Incidence of Hepatic Decompensation After Nucleos(t)ide Analog Withdrawal: Results From a Large, International, Multiethnic Cohort of Patients With Chronic Hepatitis B (RETRACT-B Study)

Grishma Hirode, Bettina E. Hansen, RETRACT-B study group, Chien Hung Chen, Tung Hung Su, Grace Wong, Wai Kay Seto, Stijn Van Hees, Margarita Papatheodoridi, Sylvia M. Brakenhoff, Sabela Lens, Hannah S.J. Choi, Rong Nan Chien, Jordan J. Feld, Xavier Forns, Milan J. Sonneveld, George V. Papatheodoridis, Thomas Vanwolleghem, Man Fung Yuen, Henry L.Y. ChanJia Horng Kao, Yao Chun Hsu, Markus Cornberg, Wen Juei Jeng, Harry L.A. Janssen*

*Corresponding author for this work

Research output: Contribution to journalArticleAcademicpeer-review

5 Citations (Scopus)

Abstract

INTRODUCTION: 

Despite improvements in the management of chronic hepatitis B (CHB), risk of cirrhosis and hepatocellular carcinoma remains. While hepatitis B surface antigen loss is the optimal end point, safe discontinuation of nucleos(t)ide analog (NA) therapy is controversial because of the possibility of severe or fatal reactivation flares.

METHODS: 

This is a multicenter cohort study of virally suppressed, end-of-therapy (EOT) hepatitis B e antigen (HBeAg)-negative CHB patients who stopped NA therapy (n = 1,557). Survival analysis techniques were used to analyze off-therapy rates of hepatic decompensation and differences by patient characteristics. We also examined a subgroup of noncirrhotic patients with consolidation therapy of ≥12 months before cessation (n = 1,289). Hepatic decompensation was considered related to therapy cessation if diagnosed off therapy or within 6 months of starting retreatment.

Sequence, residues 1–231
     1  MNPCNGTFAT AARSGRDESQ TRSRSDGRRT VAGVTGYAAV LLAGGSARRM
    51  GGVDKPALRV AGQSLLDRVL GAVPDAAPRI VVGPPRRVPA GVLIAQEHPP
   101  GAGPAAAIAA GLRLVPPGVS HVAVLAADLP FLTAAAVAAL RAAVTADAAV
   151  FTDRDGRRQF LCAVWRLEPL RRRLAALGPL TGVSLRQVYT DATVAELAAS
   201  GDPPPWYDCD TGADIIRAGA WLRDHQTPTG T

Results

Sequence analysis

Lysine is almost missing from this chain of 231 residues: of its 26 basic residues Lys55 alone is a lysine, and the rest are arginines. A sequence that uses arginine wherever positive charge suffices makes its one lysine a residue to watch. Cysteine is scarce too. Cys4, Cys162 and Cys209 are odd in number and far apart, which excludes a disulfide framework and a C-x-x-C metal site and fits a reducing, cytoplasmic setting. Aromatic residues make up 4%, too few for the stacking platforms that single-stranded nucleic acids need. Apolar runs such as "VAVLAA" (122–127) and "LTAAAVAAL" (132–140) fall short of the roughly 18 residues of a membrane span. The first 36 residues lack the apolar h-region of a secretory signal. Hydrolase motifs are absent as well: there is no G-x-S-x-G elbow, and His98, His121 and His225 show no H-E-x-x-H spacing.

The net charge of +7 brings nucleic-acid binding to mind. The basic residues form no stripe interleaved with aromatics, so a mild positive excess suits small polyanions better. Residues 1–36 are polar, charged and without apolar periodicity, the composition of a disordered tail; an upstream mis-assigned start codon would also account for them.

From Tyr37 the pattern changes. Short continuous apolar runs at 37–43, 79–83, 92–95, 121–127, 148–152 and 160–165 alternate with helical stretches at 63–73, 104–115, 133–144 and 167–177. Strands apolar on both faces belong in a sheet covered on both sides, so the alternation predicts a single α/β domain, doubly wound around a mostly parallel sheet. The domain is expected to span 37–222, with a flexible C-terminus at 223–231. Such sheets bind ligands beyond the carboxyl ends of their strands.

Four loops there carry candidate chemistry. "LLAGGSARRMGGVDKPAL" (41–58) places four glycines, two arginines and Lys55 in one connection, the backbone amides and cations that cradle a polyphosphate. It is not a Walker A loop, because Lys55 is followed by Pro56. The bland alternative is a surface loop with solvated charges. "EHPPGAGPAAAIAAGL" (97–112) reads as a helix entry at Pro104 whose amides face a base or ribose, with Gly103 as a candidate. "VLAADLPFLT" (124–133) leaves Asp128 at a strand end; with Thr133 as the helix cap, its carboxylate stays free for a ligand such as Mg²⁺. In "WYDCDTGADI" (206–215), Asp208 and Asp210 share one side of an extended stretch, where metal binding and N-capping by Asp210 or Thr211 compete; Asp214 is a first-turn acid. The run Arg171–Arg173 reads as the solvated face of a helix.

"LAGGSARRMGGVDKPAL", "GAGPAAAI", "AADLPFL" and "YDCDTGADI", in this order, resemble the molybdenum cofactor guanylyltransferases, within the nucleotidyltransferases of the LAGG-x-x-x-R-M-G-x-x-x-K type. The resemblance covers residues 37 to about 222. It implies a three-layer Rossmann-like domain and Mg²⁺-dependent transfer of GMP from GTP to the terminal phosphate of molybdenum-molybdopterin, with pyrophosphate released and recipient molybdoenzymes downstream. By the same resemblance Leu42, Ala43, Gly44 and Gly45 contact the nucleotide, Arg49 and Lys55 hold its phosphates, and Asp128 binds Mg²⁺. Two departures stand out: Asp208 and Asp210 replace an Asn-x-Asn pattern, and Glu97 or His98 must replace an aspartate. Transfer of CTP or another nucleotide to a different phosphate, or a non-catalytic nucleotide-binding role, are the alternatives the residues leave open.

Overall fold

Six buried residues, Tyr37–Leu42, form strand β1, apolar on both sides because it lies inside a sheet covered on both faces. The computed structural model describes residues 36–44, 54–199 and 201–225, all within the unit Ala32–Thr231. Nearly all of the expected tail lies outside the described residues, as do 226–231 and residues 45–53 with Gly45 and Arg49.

RESULTS: 

Among the total cohort (11.8% diagnosed with cirrhosis, 84.2% start-of-therapy HBeAg-negative), 20 developed hepatic decompensation after NA cessation; 10 events were among the subgroup. The cumulative incidence of hepatic decompensation at 60 months off therapy among the total cohort and subgroup was 1.8% and 1.1%, respectively. The hepatic decompensation rate was higher among patients with cirrhosis (hazard ratio [HR] 5.08, P < 0.001) and start-of-therapy HBeAg-positive patients (HR 5.23, P < 0.001). This association between start-of-therapy HBeAg status and hepatic decompensation remained significant even among the subgroup (HR 10.5, P < 0.001). 

DISCUSSION: 

Patients with cirrhosis and start-of-therapy HBeAg-positive patients should be carefully assessed before stopping NAs to prevent hepatic decompensation. Frequent monitoring of viral and host kinetics after cessation is crucial to determine patient outcome.

Original languageEnglish
Pages (from-to)1601-1608
Number of pages8
JournalThe American journal of gastroenterology
Volume118
Issue number9
DOIs
Publication statusPublished - Sept 2023

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